We have all been told ‘little and often’ when it comes to feeding horses. But why?
Well, when you consider horses are ‘grazers’ and their gut has been designed to work best with small amounts being consumed constantly over long periods of the day and night (they eat for up to 17 hours a day, can you imagine having to do that!) it makes sense that they should be fed small meals frequently.
But here is a visual (in words) on why it is best to feed little and often… In the horse’s small intestine there are things called enzymes, which are like tiny pairs of scissors. An enzyme’s job is to cut big things like protein, starch and fats up into very small things like amino acids (the building blocks of protein), glucose (the building block of starch) and fatty acids (a building block of fats).
If these proteins, starches and fats don’t get chopped up they will not get absorbed because they are far too big to cross the intestinal wall intact. So for absorption to occur, these enzymes MUST chop the big stuff into little stuff!
Imagine you have a pair of scissors and are tasked with the job of cutting up a long piece of ribbon. The ribbon is trailing from a person going past you very slowly. If you have plenty of time to chop the ribbon multiple times then you can get it into small pieces. This is what happens in the gut. If a piece of protein for example goes moving through the small intestine very very slowly, the little enzymes have plenty of time to chop it up into amino acids so it can be absorbed.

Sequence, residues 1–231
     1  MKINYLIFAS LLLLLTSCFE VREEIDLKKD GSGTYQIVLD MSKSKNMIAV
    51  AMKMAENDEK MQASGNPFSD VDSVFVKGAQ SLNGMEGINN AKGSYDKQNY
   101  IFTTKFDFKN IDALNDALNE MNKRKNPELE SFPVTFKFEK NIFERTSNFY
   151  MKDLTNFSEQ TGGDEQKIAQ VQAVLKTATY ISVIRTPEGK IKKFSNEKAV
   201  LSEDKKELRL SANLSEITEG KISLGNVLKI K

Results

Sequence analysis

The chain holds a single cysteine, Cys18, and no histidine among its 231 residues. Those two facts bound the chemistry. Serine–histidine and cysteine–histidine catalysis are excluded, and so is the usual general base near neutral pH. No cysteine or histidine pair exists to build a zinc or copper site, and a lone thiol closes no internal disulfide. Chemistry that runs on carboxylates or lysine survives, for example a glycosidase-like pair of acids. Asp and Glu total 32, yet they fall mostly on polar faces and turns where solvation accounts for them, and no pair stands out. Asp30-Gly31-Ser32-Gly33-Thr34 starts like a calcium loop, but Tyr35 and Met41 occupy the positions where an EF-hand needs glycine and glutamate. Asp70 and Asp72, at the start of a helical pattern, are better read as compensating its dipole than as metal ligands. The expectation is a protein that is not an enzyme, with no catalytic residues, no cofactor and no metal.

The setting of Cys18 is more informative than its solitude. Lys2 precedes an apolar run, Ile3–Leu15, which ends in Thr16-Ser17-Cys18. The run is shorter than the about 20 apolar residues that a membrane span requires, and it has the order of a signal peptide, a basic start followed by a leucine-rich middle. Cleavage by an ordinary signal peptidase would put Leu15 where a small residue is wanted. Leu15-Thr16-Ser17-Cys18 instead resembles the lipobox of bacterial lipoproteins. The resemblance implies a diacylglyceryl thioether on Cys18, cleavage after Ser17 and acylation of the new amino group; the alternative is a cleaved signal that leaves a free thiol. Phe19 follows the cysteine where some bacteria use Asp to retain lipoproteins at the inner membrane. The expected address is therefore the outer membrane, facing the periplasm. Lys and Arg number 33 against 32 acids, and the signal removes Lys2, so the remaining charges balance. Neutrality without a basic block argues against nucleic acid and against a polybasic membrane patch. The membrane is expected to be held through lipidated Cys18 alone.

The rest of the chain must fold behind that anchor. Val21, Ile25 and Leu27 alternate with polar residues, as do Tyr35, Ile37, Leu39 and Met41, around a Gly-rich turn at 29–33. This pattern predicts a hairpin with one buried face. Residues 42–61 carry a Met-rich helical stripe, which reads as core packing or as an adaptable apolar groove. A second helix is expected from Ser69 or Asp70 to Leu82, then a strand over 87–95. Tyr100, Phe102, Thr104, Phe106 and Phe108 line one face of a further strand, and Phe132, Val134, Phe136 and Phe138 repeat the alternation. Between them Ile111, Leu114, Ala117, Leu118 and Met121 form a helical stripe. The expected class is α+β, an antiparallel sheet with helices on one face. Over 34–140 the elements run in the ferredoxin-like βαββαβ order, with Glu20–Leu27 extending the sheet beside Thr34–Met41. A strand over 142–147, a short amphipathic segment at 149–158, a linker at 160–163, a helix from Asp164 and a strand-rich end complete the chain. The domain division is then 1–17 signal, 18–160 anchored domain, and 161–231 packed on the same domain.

Now imagine if the person holding the ribbon runs past you and you have to chop it up… you might get one shot at it before it is gone. And this is exactly what happens in the gut. If feed is moving too quickly through the gut the poor little enzymes simply don’t get enough time to chop anything up. Meaning the feed simply won’t be absorbed.
So back to meal size and the little and often concept… when you feed small meals, the feed will move nice and slowly through the gut and the enzymes will be able to do their job and fully digest it so your horse gains full benefit.
Feed large meals and all of a sudden you increase the speed with which it will travel through the gut and reduce the amount of time the enzymes have to do their cutting… meaning your horse misses out on a lot of the value from that feed. It will be digested to some extent in the hind gut but a lot of value is lost (and your $ wasted).
So while not the only reason you should feed little and often, it is a really important one to keep in mind.
If you have a horse struggling to gain weight eating huge feeds, you might find you get better results by feeding less! Something to consider
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